Format: Hardcover
This book is about the history of private equity, what it means, how it operates, and the wreckage the industry generates. Private equity means making money. Money is more important than jobs, than lives, than the environment, than investors, and cash in the pocket is much more important than long term gains.

A PE [private equity] company wants to buy a well performing company with an LBO [Leveraged Buyout Offer] in order to loot the company for as much cash as possible. First the PE firm finds investors, usually retirement funds because they promise extremely unrealistic return percentages, and then they put up about 10% of the purchase price and borrow the rest from a fee loving bank. They get the company.

OK, the first thing the PE firm does is take out a huge amount of loans, or more accurately, they make the successful firm they just bought take out loans in *the name of the firm* -- that means the business is liable, not the PE firm (who also scored a transaction fee from their investors as part of the deal). Then the PE firm fires 5-10% of the company workforce, usually the entire research division and most of customer service, in the name of 'leanness', but what they are really doing is raising as much short term cash as possible. The goal of the PE company is to flip this (formerly) successful business after gutting it of money. If the successful company is a conglomerate, the PE firm 'spins off' and sells the less profitable divisions as separate companies (after loading them with debt).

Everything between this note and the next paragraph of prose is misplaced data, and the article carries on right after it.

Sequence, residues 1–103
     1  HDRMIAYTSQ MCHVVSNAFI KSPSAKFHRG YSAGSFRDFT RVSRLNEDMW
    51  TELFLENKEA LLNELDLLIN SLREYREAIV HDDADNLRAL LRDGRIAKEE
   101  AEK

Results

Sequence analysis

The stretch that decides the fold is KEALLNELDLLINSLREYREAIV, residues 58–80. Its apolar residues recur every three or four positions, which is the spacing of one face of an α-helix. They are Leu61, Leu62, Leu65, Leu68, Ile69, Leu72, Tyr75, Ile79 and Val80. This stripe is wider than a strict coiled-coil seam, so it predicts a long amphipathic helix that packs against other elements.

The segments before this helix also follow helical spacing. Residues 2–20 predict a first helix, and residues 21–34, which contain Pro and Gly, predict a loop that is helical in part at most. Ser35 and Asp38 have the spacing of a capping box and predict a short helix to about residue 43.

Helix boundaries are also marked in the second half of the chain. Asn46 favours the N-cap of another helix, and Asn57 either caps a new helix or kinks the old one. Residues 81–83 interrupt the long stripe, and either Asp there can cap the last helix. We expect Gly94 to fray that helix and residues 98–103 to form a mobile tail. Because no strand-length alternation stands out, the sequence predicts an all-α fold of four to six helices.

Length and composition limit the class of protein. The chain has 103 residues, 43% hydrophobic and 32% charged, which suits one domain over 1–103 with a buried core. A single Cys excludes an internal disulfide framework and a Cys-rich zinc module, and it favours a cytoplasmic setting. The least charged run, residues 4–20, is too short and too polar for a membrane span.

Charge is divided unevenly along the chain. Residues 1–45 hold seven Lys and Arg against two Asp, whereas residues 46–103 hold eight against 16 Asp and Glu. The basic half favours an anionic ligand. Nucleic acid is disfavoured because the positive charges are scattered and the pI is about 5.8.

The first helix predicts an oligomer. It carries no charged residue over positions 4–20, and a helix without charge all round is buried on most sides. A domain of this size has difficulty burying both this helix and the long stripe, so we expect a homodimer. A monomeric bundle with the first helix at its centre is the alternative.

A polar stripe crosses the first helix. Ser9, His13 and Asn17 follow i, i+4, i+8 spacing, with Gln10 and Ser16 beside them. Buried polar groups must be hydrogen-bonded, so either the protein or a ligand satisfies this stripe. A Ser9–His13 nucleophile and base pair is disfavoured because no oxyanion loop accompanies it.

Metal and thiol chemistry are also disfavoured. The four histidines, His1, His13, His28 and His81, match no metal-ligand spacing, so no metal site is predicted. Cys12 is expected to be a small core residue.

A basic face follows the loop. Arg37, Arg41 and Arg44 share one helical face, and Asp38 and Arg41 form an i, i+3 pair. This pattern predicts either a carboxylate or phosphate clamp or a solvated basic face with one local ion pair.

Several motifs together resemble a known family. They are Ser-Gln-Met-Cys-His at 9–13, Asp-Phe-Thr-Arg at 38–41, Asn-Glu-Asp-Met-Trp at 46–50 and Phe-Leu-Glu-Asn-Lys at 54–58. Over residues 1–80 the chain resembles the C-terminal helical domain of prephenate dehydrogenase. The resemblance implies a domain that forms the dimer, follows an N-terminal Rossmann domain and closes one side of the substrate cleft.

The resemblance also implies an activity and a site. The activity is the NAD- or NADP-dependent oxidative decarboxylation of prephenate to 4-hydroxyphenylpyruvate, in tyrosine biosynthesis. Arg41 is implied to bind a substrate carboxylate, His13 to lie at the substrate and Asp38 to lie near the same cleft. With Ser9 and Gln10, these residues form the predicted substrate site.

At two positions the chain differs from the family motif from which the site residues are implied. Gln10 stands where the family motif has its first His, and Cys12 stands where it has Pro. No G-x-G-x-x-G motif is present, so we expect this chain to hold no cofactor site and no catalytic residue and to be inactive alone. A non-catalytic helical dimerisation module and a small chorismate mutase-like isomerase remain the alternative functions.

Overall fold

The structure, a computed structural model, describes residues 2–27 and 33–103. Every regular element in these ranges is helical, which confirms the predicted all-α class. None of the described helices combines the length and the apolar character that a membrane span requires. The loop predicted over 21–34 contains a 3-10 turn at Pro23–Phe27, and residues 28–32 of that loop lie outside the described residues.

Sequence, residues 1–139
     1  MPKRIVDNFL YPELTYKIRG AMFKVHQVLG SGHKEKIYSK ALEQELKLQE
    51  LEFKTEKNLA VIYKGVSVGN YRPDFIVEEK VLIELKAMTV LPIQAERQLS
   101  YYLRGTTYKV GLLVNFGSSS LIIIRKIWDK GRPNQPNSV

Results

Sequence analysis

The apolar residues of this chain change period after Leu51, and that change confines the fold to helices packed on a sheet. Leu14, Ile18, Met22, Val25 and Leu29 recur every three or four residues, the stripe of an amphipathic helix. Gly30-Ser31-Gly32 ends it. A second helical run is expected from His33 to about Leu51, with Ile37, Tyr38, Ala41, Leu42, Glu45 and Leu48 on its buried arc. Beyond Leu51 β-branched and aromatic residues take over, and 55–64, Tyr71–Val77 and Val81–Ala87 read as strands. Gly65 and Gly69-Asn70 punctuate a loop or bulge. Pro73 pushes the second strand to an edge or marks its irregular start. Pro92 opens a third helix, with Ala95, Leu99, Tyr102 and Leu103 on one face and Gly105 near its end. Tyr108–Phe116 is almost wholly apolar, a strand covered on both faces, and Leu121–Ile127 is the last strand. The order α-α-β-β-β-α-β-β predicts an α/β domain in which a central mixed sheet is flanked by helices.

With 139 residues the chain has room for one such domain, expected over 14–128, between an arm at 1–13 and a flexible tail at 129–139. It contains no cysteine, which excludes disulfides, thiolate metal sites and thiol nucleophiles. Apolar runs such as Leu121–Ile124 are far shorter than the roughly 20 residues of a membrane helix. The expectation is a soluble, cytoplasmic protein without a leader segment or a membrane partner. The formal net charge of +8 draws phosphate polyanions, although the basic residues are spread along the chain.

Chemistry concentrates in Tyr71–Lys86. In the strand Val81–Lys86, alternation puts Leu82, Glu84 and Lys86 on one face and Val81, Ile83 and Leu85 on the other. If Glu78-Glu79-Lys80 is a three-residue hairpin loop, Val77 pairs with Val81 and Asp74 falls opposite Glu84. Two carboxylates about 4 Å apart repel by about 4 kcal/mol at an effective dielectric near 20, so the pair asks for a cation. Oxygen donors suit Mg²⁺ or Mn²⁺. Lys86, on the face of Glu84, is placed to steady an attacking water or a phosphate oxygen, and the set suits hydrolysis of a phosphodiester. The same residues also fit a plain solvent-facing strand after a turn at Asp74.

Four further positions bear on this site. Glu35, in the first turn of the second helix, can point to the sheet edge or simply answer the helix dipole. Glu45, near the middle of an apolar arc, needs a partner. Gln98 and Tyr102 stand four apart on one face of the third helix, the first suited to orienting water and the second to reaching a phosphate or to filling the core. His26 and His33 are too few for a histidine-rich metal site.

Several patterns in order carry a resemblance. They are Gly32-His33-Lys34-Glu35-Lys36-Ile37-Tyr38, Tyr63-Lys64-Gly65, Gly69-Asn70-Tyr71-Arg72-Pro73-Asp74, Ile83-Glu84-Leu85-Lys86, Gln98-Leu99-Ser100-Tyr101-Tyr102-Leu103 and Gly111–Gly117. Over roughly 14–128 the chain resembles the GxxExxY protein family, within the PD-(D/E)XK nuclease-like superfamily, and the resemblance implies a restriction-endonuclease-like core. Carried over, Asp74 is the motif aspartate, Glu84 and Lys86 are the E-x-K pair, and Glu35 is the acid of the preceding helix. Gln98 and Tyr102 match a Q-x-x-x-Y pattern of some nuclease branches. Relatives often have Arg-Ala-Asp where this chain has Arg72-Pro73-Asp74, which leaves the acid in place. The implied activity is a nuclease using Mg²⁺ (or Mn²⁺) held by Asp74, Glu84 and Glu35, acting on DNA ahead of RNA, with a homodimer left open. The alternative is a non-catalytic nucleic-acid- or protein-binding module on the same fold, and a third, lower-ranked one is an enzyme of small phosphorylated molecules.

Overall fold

At this point the PE firm is sitting on a pile of money.
Read more ›